A visit to Rwanda with the WAVES programme brings up the question of whether you should communicate when it seems you have nothing substantial to say.
"Don't communicate with me until you've got solid content, then come and I'll help you package it."
This was the clear message from the director general of the Rwandan Environmental Management Authority, Dr Rose Mukankomeje, and I found it momentarily disconcerting.
I understood her position. She's a busy person with many initiatives to push forward, but I knew that we couldn't just do nothing. I was in Rwanda with WAVES (Wealth Accounting and the Valuation of Ecosystem Services – www.Wavespartnership.org) to support the drafting of a communication and engagement strategy around using natural capital accounting in the country. Natural capital accounts have not yet been constructed, so the 'solid content' isn't available right now. What could we do?
I went back to the starting point of IIED's model for four kinds of communication in a strategy, as set out in Making communication count: a strategic communications framework. This considers that you can communicate to share information, and raise profile ('pushing out' material), or engage and mobilise to stimulate debate and influence policymaking (more of a 'pulling in' process).
It was clear that we were not at the policy influencing stage in Rwanda, but possibly we could share the story of what had happened so far. This could prepare the ground for when data had been collected – land accounts are the first accounts planned.
This seemed to fit with what a stakeholder mapping exercise with government officers, university academics and civil society representatives at the beginning of the visit had shown. This had pointed to a large group of organisations and government agencies who were 'highly influential' but had 'low awareness' of the issues.
There was not a uniformly strong understanding of natural capital accounting as a tool for collecting and organising data for inclusion in planning and policy processes; in fact, some people had overly ambitious expectations of what could be achieved. While telling the story, we would also have to manage these.
None of this was surprising since natural capital accounting is new in Rwanda. What did surprise me – and it shouldn't have done – was the understanding of the importance of communication and the infrastructure that was already in place.
The Minister of Natural Resources, Dr Vincent Biruta, for example, encouraged us to get started.
"But make sure you present the message in clear, accessible language, and tailor it for your audiences, including translating materials into Kinyarwanda, so that everyone can understand," he cautioned.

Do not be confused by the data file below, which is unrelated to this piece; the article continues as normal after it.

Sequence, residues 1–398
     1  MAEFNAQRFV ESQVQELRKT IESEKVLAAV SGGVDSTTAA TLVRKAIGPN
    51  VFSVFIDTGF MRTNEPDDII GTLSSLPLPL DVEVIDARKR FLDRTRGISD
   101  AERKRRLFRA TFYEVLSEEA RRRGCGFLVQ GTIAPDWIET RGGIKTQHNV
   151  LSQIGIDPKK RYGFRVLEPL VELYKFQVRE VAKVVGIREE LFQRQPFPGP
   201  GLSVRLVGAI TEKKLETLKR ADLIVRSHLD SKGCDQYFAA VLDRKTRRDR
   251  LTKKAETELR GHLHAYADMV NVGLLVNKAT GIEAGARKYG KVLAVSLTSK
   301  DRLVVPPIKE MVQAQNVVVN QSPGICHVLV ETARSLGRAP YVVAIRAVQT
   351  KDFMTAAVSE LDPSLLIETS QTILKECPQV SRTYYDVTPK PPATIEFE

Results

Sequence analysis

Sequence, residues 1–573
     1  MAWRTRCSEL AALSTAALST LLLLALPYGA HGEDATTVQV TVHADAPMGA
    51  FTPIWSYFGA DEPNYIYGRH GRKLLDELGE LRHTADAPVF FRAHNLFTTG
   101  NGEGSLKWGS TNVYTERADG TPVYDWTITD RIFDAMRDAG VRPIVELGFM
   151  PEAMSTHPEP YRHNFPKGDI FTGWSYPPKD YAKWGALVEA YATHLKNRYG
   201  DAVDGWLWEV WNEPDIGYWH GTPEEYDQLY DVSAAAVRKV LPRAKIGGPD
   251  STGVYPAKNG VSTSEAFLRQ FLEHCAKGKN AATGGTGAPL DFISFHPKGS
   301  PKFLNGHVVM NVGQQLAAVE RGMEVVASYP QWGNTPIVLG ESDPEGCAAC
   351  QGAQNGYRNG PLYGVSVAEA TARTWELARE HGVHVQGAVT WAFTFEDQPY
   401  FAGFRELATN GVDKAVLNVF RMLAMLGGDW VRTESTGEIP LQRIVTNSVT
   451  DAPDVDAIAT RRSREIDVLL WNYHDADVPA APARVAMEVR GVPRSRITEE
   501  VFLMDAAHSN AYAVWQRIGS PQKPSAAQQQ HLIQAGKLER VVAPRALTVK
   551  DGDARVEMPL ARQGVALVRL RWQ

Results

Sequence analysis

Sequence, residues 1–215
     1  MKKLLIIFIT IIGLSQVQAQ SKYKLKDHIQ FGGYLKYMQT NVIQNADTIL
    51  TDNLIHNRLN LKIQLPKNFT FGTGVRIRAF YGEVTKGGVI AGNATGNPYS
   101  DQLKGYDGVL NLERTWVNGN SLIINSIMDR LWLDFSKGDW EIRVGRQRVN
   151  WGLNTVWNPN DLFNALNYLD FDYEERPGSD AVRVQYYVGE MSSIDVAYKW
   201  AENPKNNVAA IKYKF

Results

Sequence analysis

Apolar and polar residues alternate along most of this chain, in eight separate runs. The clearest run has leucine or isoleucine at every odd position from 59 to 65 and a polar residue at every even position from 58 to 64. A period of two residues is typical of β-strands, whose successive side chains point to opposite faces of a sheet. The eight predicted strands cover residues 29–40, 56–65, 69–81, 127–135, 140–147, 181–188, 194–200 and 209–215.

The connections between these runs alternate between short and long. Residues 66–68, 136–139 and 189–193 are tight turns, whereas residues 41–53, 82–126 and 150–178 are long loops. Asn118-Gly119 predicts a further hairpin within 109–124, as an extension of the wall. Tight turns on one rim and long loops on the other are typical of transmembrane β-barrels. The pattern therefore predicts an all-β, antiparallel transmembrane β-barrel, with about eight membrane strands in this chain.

Likewise, walking into the Rwanda National Institute of Statistics we were presented with four banner-sized infographics showing stats on the impact of internal migration on labour force participation in Rwanda in visual form. These were the winning entries from a recent competition for students (first prize a laptop, second an iPad, third, a smartphone).
Dominique Habimana, director of statistical methods, research and publication unit, talked about training journalists to interpret statistics knowledgeably and accurately, key messages, and holding dialogues and forums from national to local level to present statistical results.
Twitter was obviously big in Rwanda. Most of the senior people we met over the course of the trip tweeted regularly and had regular times during the week when citizens could get into conversation with them via Twitter and get a quick response.
Dr Rose received field updates from her ministry colleagues via Twitter, showing us the latest messages with pictures received (such as the one below) just a few minutes before our meeting.
We decided it would be legitimate to have a first phase of the communication and engagement strategy where we raised the profile of the natural capital accounting initiative. In the absence of Rwanda case studies for the moment, we would use examples from other countries on how they had used accounts, share what had happened so far, and indicate what was planned for the short term (preparation of land accounts).
Phase 2 would kick in when data had been collected and would be much more about engaging key policymakers in debate and showing how the data was relevant to their own sectors.
None of this is set in stone – there is more discussion to be had to work out and agree the detail – but we had moved from a position of "don't say anything until you've got something to say" to "let's get started with a core group of people to build up knowledge about how natural capital accounts could be used".
With the dynamism and focus of the WAVES country team and indeed, all the people we met, I left feeling fired up about what could be achieved, and wishing I could go back soon to be part of the action.